Kids' Learning Difficulties
by Angela Charles
Learning difficulties can be frustrating for kids and cause much worry for parents, especially if the difficulties are not yet diagnosed or under control. They can even lead to other behavioral problems or conduct disorders when kids begin to react to their feelings of inadequacy. According to the American Academy of Child & Adolescent Psychiatry, learning disabilities affect approximately 10 percent of school-aged children. There are different types of learning difficulties that kids may face, but with diligence from parents, teachers and the student, they can be managed.
Does your child have difficulty learning sounds and words? Is your child failing school? Have you noticed your child acting out? Does your child claim to misplace homework or school supplies? Is your child's teacher concerned? Does your child have a hard time concentrating? The above signs may indicate a learning disability.
Dyslexia is caused by the brain's inability to process certain symbols. Students may get words or numbers mixed up and experience difficulty with reading, writing and math assignments. They may also be confused regarding the meaning of words and retaining what they learn. Kids with dyslexia often have normal or above-average intelligence.
Attention-Deficit Hyperactivity Disorder
Kids with Attention-Deficit Hyperactivity Disorder have difficulty paying attention. Some kids may have trouble focusing their attention on particular tasks. Others may have a hard time transitioning from one area of attention to the next. The National Institute of Mental Health states that this is one of the most common childhood disorders. ADHD includes three subtypes: hyperactive-impulsive, inattentive, and combined hyperactive-impulsive and inattentive. In order to be diagnosed with ADHD, kids need to possess symptoms for at least six months.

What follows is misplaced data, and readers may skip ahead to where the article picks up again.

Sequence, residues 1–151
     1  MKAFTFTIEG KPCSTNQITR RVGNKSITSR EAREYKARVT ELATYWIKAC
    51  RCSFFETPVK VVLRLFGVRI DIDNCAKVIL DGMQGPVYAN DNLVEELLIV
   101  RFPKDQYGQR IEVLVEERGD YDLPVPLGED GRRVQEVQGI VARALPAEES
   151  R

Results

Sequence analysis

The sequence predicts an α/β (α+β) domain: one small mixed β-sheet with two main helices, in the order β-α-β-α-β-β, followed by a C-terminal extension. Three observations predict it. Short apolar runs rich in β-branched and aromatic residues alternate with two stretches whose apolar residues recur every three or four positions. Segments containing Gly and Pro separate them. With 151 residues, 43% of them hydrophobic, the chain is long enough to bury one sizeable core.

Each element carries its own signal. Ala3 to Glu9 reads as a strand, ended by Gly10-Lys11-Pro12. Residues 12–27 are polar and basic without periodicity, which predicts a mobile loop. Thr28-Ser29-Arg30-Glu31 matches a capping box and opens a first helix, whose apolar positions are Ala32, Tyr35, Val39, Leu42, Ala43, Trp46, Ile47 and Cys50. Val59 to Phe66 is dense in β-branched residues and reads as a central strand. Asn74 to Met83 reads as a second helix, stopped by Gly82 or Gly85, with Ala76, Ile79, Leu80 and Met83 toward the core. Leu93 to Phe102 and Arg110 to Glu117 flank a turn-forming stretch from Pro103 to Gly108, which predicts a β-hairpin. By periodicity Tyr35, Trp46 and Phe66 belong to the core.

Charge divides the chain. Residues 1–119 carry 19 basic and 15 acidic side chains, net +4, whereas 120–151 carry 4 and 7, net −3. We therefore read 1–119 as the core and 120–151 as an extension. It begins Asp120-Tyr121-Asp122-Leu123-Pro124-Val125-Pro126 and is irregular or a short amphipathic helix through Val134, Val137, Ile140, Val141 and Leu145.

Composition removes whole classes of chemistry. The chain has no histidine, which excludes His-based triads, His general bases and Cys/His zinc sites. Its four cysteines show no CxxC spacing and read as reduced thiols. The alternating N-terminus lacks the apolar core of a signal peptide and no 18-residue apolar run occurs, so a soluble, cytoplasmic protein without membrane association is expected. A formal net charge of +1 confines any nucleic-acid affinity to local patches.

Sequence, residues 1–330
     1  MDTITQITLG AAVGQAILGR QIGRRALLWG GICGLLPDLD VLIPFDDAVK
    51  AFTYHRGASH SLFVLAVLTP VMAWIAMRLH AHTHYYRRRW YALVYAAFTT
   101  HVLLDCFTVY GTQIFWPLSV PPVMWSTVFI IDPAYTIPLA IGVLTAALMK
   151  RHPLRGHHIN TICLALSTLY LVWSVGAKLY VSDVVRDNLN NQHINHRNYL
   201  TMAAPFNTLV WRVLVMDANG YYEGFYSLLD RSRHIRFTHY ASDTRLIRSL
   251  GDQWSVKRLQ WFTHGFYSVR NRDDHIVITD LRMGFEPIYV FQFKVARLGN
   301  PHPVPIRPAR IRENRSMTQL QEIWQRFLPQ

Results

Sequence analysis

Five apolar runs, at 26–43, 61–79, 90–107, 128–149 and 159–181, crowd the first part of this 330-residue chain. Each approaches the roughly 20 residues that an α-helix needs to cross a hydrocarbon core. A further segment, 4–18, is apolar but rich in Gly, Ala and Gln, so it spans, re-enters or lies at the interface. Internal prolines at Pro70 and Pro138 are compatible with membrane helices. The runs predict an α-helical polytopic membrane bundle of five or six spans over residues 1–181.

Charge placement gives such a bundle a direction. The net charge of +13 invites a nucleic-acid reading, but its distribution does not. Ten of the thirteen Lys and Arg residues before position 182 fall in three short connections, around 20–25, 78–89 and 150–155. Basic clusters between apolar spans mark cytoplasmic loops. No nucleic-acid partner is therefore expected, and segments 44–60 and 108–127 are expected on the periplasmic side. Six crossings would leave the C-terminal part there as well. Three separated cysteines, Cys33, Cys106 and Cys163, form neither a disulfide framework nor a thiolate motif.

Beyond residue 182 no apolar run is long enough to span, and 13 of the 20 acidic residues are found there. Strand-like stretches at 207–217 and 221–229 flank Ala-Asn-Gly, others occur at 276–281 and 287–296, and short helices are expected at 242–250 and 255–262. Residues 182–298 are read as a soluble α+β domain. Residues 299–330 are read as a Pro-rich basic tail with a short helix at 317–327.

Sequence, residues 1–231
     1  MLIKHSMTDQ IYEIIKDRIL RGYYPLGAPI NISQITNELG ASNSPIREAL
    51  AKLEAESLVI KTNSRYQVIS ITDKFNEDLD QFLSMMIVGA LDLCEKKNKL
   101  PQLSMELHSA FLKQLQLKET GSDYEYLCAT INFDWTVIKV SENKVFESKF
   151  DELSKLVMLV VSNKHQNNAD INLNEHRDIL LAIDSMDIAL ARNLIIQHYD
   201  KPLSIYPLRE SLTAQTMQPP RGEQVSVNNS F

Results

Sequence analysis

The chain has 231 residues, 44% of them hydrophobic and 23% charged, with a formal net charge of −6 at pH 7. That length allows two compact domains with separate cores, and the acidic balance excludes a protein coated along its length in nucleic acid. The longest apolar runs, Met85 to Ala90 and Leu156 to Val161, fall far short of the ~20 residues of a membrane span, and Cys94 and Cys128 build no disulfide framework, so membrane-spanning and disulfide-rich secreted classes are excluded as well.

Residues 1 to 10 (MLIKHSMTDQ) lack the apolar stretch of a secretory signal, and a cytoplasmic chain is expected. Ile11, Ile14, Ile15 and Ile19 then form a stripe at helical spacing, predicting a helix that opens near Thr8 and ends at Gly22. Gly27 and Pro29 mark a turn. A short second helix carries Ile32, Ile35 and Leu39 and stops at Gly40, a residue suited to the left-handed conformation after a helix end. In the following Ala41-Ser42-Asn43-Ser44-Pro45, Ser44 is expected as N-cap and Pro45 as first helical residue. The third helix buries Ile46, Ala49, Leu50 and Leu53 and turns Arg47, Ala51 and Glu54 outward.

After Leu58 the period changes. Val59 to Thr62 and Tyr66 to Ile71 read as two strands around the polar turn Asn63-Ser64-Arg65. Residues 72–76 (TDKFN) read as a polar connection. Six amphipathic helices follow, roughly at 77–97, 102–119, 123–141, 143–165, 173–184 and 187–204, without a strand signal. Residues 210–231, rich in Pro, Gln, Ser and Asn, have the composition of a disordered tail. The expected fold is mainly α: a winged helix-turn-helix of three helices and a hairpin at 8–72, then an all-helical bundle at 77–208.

When kids have learning difficulties, they may become frustrated and feel inadequate, as well as rebel and act out at school. Kids may also develop social problems due to a lack of confidence in themselves. Sometimes other disorders, such as conduct disorder, oppositional defiant disorder, anxiety or depression, co-exist with learning disabilities.
There are a few ways that learning difficulties can be managed, depending on the type and severity. Individualized Education Programs can be used so that the child has a specific learning program tailored to their needs. This can be implemented through the collaboration of parents, teachers and administrators. Psychotherapy may be necessary to address accompanying behavioral problems and the social ramifications of having trouble in school. In some cases, ADHD can be controlled using medication.